wherein said effervescent formulation has a molar ratio of the ibuprofen acid to the acid component of the effervescent granules (b) in the range of 1 mole of ibuprofen acid to 0.5-6 mole of acid component and the molar ratio of the ibuprofen acid to the carbon dioxide generating component of the effervescent granules (b) is in the range of 1 mole of ibuprofen acid to 1-30 mole of the carbon dioxide generating component, and
wherein upon disintegration of the ibuprofen effervescent formulation, the effervescent granules (b) dissolve upon contact with water immediately to release ibuprofen granules (a), from which ibuprofen subsequently dissolves.
2. Effervescent formulation according to claim 1 in which the ibuprofen acid is present as a racemate, as a racemic mixture of it enantiomers, as a pseudo-racemate, as mixtures of the equal amounts of S- and R-ibuprofen, or as mixtures of different amounts of S- and R-ibuprofen ranging between pure S- and pure R-ibuprofen.
3. Effervescent formulation according to claim 1 in which the ibuprofen-containing granules (a) contain at least one basic adjuvant selected from the group consisting of sodium carbonate, potassium carbonate, sodium bicarbonate, potassium bicarbonate, calcium oxide, calcium hydroxide, magnesium oxide, magnesium hydroxide, magnesium carbonate, trisodium phosphate, tripotassium phosphate and mixtures thereof.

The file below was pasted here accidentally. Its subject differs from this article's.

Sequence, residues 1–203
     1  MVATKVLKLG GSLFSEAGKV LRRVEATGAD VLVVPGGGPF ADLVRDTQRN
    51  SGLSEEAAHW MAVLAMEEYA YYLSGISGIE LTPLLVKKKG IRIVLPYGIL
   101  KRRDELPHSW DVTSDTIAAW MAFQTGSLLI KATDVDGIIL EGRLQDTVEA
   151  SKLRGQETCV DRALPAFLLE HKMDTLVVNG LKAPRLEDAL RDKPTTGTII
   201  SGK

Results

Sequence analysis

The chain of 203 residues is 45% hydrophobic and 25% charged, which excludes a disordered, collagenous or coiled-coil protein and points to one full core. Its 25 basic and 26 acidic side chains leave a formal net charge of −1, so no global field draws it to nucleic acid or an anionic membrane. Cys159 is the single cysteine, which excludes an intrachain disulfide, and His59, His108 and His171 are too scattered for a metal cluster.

4. Effervescent formulation according to claim 1 in which the basic adjuvant is sodium carbonate and/or potassium carbonate.
5. Effervescent formulation according to claim 1, in which the acid component of the effervescent granules (b) is at least one selected from the group consisting of tartaric acid, citric acid, ascorbic acid, malic acid, adipic acid, sodium dihydrogencitrate and mixtures thereof.
6. Effervescent formulation according to claim 5 in which the acid component is sodium dihydrogencitrate.
7. Effervescent formulation according to claim 1 in which the carbon-dioxide generating component is selected from the group consisting of sodium bicarbonate, sodium carbonate, potassium bicarbonate, potassium carbonate, sodium glycine carbonate and mixtures thereof.